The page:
Education

Kansas Supreme Court Orders Lawmakers To Fix School Funding That’s Biased Against Poor Districts

CREDIT: Orlin Wagner

Gov. Sam Brownback talks during an interview at his Statehouse office in Topeka, Kan.

Kansas’ temporary school funding law is biased against poorer school districts, the Kansas Supreme Court ruled Thursday, aligning with a lower court’s decision.

The ruling was the result of a lawsuit from four school districts that cited “wealth-based disparities” as the reason for poorer school districts’ insufficient school funding. The state’s 2015 block grant funding law, which was meant to be a temporary fix replacing a per-student formula to provide more stability in school funding, actually left poorer school districts with a $54 million shortfall, the lawsuit argued, according to the Courthouse News Service.

The court decision outlines the problems with the block grant funding bill, such as its retroactive reductions in capital outlay and local option budget equalization aid, which are used to figure out districts’ aid in 2016 and 2017 fiscal years. That would mean losses in aid would affect the next two fiscal years, exacerbating poor and wealthy districts’ funding gaps, WIBW, a Topeka, Kansas television news station explains.

This is only the latest salvo in a case over Kansas education funding, Gannon v. State, that has been going on since 2010. In 2014, the Kansas Supreme Court found unconstitutional disparities between school districts and gave legislators a July 1 deadline to address them. The court gave more priority to the issue of equity of funding over inadequate per pupil funding across the state.

Although a lower court said legislators should raise the base of per-pupil spending from $3,838 to $4,492 — costing the state $437 million — the court said the amount itself should be considered alongside outcomes of funding. The decision states “curing of the equity infirmities may influence the (district court) panel’s assessment of the adequacy of the overall education funding system,” according to Kansas.com.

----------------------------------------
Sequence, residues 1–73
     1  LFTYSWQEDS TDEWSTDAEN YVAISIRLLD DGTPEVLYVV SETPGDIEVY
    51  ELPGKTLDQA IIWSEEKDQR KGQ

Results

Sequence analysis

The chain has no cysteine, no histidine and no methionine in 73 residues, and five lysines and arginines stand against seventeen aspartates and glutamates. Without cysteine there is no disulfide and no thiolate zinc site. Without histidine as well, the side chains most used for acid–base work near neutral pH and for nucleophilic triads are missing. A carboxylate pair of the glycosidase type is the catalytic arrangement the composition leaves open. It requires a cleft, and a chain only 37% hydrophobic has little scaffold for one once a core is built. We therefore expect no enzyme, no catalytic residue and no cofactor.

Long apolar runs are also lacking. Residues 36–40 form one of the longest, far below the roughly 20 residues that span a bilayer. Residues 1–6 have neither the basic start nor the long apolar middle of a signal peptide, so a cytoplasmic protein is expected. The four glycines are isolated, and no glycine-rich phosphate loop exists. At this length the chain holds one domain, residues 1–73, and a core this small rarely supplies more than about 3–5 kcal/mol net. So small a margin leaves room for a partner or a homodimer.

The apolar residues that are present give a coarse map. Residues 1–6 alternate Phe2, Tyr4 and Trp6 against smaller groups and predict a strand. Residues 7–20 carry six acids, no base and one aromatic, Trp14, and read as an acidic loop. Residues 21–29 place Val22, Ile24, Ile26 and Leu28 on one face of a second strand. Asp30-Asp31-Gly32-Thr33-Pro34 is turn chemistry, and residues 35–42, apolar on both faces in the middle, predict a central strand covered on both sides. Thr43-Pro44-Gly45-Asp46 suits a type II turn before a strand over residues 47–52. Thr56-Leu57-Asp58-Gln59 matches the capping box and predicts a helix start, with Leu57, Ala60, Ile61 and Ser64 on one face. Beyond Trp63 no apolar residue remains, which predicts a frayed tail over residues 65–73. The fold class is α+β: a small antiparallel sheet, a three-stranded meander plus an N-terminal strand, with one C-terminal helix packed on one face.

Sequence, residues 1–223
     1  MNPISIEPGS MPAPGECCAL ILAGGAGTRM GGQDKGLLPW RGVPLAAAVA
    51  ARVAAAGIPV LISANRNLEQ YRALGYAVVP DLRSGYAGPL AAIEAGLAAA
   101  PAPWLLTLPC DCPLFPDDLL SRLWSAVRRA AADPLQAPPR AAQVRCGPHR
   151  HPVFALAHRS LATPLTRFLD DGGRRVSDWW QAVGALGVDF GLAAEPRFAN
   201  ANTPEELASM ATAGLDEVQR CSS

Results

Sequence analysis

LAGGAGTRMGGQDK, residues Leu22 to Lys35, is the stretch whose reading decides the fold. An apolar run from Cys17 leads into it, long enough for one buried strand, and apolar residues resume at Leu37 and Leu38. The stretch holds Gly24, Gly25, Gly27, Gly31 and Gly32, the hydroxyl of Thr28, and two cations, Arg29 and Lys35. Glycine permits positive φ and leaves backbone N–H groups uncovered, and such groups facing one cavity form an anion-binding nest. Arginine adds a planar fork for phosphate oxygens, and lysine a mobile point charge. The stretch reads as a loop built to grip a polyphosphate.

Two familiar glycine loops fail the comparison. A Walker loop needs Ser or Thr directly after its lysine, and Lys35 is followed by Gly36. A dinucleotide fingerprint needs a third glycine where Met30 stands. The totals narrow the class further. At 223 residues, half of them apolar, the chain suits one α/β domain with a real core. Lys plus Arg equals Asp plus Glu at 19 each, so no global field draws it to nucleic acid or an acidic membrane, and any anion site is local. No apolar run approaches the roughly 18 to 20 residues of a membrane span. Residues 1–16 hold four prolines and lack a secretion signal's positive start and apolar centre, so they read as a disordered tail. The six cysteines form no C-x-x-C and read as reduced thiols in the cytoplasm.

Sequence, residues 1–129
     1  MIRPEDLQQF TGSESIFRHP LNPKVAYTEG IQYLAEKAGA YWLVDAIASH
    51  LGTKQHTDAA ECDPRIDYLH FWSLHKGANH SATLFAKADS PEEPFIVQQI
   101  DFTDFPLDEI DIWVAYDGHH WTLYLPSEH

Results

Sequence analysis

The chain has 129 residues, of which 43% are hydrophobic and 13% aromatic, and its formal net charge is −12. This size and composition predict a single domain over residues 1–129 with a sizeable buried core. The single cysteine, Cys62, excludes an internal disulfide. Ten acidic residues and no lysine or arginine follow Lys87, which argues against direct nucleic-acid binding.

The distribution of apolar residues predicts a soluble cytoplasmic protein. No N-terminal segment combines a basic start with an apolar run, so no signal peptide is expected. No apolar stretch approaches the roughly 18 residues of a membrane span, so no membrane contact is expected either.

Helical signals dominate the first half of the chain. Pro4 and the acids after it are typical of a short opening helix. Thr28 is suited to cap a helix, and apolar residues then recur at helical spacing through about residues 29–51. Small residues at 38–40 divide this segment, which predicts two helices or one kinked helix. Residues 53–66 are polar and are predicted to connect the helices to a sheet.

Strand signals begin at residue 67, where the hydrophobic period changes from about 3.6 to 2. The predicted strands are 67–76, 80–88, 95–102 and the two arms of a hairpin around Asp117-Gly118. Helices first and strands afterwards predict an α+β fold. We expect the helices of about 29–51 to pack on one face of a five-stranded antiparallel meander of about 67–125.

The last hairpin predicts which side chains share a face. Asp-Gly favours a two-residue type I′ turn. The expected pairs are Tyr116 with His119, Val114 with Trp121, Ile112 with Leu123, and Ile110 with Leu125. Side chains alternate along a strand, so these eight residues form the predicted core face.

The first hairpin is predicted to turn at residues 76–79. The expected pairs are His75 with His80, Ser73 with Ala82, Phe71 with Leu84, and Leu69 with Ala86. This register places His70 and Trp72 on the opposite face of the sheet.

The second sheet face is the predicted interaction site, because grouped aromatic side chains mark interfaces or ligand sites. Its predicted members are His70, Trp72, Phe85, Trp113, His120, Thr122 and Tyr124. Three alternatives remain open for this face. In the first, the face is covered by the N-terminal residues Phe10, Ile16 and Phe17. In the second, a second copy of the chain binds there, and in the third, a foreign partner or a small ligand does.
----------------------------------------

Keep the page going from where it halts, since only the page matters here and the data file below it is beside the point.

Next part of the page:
In this latest development, state legislators need to find a way to constitutionally fund schools by June 30. Only last week, lawmakers were considering bills that might address the $200 million deficit in the state budget, and if a new system is not in place by then, there won’t be any system to aid K-12 schools, according to the Fort Scott Tribune.

Kansas Attorney General Derek Schmidt filed a notice to appeal the decision on Friday. Kansas Gov. Sam Brownback (R) said the decision was a violation of the court’s constitutional authority. Brownback has had a difficult relationship with the courts, as he has tried to take power from the judicial branch over his governorship. The governor has threatened to defund the entire judiciary system if it rules against him.

“Kansas has among the best schools in the nation and an activist Kansas Supreme court is threatening to shut them down,” Brownback stated after the decision. “We will review this decision closely and work with the Legislature to ensure the continued success of our great Kansas schools.”

Some Kansas school district officials are worried that only looking at equity versus adequate funding could mean their schools will receive less funding and make matters worse.

Major school districts across the country are facing major budget deficits and possible bankruptcy, such as Detroit Public Schools, Chicago Public Schools, and Los Angeles Unified School District. Other states also have lawsuits regarding equitable and adequate education funding. A lawsuit against the Pennsylvania Department of Education brought by seven parents, six school districts, and the NAACP in 2014 argues the state’s funding system discriminates against children based on location and the wealth of their communities. Earlier this month, the Alliance for a Better Utah said it intended to sue the state due to what it calls inadequate funding levels and lawmakers in South Carolina have to come up with a solution to provide an adequate education for rural students by the end of the 2016 legislative session as a result of a decades-long lawsuit.